The Chir Pine: Pinus roxburghii

I’ve been fascinated by the chir pine Pinus roxburghii (Pinus longifolia) for quite some time and realised that I haven’t yet put down a post on it. I’ve marvelled at its beauty both at Sattal and also Mussoorie in Uttarakhand, India.  Unfortunately it is sad to see villagers set whole slopes of the forest on fire which is taken up by the layer of dry pine needles covering the mountain slopes. The villagers do it so that grass would grow again on the ground between the trees for them to take home back to their cattle. It is also suspected that the land mafia does this to deliberately deforest areas in connivance with the authorities which they can then encroach upon and sell. This is easy to do as the pine is rich in resin and catches fire easily even when wet. Continue reading The Chir Pine: Pinus roxburghii

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Trek: Kedarkantha peak

I’ve been importing Trekking/Camping equipment for years now and I’ve barely managed to put it to use because of not finding like minded people to trek or camp with. This was my first major trek, so I thought I’d better pen down my experiences for others to read before they head out on their own or make the same mistakes I did. It is easy to dump a large sum on some tour organiser and let them handle all the logistics like food, water, transport etc, but there is a lot more adventure (and sometimes danger) when heading out on your own. Sorry for the lack of photographs as I lost most of them when my laptop hard disk suddenly stopped working. Continue reading Trek: Kedarkantha peak

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Harvesting and processing Arrowroot

Arrowroot (Maranta arundinacea) is a familiar name. As kids it was a kind of a sister to castor oil which mum sometimes spooned into our mouths. It was bland and insipid and that was the beginning of my childhood hatred for any kind of porridge and of Arrowroot biscuits which has thankfully now passed. Arrowroot derives its name from its past medicinal use in which it was used as a poultice to treat wounds inflicted by poisoned arrows. Continue reading Harvesting and processing Arrowroot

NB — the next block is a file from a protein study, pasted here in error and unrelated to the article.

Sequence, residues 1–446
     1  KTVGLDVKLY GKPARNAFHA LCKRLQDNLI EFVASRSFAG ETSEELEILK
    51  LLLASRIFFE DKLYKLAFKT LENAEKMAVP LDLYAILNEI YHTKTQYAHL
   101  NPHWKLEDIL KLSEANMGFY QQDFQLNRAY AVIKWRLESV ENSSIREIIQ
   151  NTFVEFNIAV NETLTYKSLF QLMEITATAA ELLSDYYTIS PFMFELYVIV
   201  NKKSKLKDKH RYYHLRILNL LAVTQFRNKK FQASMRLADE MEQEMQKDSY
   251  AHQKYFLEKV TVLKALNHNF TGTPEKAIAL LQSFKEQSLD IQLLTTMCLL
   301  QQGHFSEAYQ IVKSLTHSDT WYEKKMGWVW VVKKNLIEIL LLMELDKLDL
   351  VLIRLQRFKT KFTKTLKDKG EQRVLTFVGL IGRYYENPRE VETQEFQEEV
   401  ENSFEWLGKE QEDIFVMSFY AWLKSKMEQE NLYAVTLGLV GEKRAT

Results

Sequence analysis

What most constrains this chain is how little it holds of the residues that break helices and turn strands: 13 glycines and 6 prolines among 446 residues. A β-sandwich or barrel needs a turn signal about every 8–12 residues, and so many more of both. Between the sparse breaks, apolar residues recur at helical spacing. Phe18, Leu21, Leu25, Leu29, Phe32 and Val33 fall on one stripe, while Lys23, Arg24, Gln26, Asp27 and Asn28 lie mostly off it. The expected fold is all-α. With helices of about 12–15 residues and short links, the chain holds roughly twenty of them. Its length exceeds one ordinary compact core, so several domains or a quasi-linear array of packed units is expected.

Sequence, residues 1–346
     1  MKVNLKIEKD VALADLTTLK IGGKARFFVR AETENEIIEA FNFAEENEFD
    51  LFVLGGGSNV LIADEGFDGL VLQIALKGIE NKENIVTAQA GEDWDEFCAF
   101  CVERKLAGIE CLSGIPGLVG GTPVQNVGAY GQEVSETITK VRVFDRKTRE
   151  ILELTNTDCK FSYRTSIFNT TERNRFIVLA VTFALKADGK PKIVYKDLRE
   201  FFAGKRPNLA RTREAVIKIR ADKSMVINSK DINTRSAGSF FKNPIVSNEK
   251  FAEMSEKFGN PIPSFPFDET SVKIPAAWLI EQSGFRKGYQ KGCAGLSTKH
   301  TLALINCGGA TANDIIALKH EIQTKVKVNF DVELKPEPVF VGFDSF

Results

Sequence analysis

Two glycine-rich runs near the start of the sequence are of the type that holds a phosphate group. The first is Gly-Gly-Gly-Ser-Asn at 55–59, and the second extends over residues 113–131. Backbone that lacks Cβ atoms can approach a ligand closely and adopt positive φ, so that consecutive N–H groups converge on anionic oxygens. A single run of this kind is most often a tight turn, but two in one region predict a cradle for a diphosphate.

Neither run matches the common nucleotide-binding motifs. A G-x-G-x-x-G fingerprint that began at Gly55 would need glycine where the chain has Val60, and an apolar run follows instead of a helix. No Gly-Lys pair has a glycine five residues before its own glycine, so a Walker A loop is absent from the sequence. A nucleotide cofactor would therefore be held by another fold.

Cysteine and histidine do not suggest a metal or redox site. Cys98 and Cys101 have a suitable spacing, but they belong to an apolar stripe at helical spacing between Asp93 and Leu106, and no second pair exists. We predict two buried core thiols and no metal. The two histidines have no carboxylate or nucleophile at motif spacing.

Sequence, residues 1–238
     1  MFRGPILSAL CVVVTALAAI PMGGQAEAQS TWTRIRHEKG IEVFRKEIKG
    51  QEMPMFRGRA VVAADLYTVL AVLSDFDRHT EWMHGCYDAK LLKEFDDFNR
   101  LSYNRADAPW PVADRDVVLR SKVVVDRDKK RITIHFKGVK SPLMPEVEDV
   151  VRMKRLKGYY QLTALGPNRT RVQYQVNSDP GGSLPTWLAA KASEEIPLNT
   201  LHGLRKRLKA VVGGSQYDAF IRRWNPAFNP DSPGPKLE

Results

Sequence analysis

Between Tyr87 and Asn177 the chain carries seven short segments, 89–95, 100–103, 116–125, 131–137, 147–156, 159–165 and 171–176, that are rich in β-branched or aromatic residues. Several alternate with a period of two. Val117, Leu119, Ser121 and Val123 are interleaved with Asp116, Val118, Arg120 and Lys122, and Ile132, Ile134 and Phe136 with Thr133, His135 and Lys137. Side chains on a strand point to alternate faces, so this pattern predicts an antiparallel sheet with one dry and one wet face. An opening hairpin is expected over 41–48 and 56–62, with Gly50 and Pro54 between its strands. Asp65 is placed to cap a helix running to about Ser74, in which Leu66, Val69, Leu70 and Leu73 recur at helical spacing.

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Harvesting and processing Turmeric

Turmeric (Curcuma longa) is a spice which is very familiar in Asia. It is usually used powdered and is one of the easiest to identify due to its bright orange-yellow color. However it is often adulterated and then colored with artificial colors. If you have a small garden patch, it is very easy to grow turmeric on your own. It is almost maintenance free and takes care of itself provided the weather is not too cold and there is good rainfall.  Continue reading Harvesting and processing Turmeric

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Cow dung and its uses

Never thought I’d be doing a post on cow dung! I’m guessing this post would also apply to dung of other herbivorous animals which put out dung of the same consistency. My earliest encounter with dung was on my way to school when I sometimes trod on it. In school we used to call it cutting the cake. It was the worst thing that could happen to one of us -if you overlook instances when we accidentally trod on dog or human dung in which case, “kill me now” would be the most appropriate thing to say. Continue reading Cow dung and its uses

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Himachal’s water powered flour mills

Renewable energy is something I’m passionate about and an opportunity to live off the grid would be a dream come true. Among known renewable energy sources, solar photovoltaic cell technology is  way down on my list of favorites, as it is dependent on industrial manufacture. In addition to that, broken/disposed solar cells are not something that can be easily digested by the earth. I do love other solar technologies such as solar heating, solar ice making, solar water purification etc… Besides solar, you can of course use wind energy, capture energy expended in motion (such as the motion of tidal waves) and of course the most familiar, water energy -familiar in India,  because of the electricity we use here, generated by hydro electric turbines.


Continue reading Himachal’s water powered flour mills

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